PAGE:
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Discussion in 'Clinical Rotations' started by atsai3, Jul 20, 2002.
what's the worst example of scutwork you've been assigned by a more senior team member?
Making certain that a certain film made it to a confrence when several other attendings wanted the film at the same time.
That's not scut. I good clerk/intern would go to the film library; have them make 4 copies of the films, and then hand deliver them to everyone who wanted one.
I have a tie for my worst scut experiences
1. ON my family med rotation: the secretary called in sick and my staffman couldn't get a temp so i was asked to answer the phone and book apointments for the day.
2. I was sent home in the morning and asked to bake a cake to bring in for afternoon rounds.
Tussy, I hope you put nails in that cake!
I considered it scut, because we weren't allowed to make copies of films unless we had an amazing reason (NHS).
My friend was doing his surgery clerkship and had to park the surgeon's car a couple of times.
I could have given you a few idas for the cake as well...as long as you wouldn't be eating any.
I don't have one of my own, but two of my classmates had to pick up their residents and take them to work for the entire rotation.
this just in from one of my classmates: one night while on call, his resident aked him to accompany a patient to get a CT. he basically ended up in a waiting room for 3 hours... ouch.
I never mind picking up dinner while on call, it's always a nice feild trip out of the hospital. However, we had one resident who consistently forgot to bring cash, and when she did pay it 3 days later it would always be the exact amount the food was, without tax, tip, or drink included.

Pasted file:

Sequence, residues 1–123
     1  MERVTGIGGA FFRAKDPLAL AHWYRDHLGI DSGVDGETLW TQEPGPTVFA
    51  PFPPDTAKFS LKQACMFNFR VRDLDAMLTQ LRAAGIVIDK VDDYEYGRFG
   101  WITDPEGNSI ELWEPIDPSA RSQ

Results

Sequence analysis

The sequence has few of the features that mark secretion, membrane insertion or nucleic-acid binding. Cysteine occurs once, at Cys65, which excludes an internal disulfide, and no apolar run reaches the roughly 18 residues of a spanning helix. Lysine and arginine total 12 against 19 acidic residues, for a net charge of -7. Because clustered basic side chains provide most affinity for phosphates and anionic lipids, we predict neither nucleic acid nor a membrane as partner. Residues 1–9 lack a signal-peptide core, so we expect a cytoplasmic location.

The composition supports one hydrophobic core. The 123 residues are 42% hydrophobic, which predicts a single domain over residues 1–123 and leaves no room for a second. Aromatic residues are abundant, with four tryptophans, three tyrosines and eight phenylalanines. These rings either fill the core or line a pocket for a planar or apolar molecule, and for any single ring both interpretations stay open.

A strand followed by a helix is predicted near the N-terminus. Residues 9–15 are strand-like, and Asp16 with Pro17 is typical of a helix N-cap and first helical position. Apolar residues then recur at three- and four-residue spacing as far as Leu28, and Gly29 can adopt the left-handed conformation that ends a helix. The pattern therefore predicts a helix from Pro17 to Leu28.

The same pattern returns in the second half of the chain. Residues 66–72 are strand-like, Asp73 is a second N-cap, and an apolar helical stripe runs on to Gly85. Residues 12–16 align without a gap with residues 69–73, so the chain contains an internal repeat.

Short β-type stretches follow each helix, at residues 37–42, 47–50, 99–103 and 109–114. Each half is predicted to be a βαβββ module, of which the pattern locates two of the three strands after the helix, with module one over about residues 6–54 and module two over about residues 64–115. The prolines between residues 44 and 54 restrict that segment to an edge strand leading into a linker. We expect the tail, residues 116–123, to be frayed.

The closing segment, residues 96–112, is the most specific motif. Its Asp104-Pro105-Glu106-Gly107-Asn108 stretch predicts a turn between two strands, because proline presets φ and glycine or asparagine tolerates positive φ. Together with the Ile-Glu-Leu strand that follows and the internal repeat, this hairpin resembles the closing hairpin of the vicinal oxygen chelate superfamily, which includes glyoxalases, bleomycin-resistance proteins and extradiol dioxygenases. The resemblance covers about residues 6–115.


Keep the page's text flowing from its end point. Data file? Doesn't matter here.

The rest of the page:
Last year, one of my fellow junior residents was asked to drive a patient home because the team was so desparate to discharge this guy (he was a real PIA) and he consistently kept saying he didn't have a ride. Others have been asked to provide "wake up calls" for Chiefs.
I just did punched out my chief's PowerPoint presentation...no notes, no nothing ...
One of my attendings would ask a certain female classmate of mine to prepare and bring his coffee to him every day. That lasted for the whole rotation!!!
Maybe it's a stupid question, but why doesn't anyone say no?
Why doesn't the class wimp tell the bully no when the bully asks for his lunch money? Because he'd get a serious beat-down, that's why.
I would be really curious to find out how many women out there would actually get the attending's coffee and how many would refuse. Any thoughts gals?
If I was asked by anyone to get his/her coffee everyday I would tell him/her to #$%@ off!!! Always remember...you are paying good money to be educated, not to be abused and treated like a lesser human being. I refuse to do any mindless scut. I will only do it if it helps the team somehow...but I will never do something because the resident is lazy/incompetent/mean. Stand up for yourself...the average person that orders you to do scut will cower if you challenge them. Try it...you have nothing to lose...would you rather get a good grade but be disrespected for a month or would you rather get a lower grade and keep your dignity?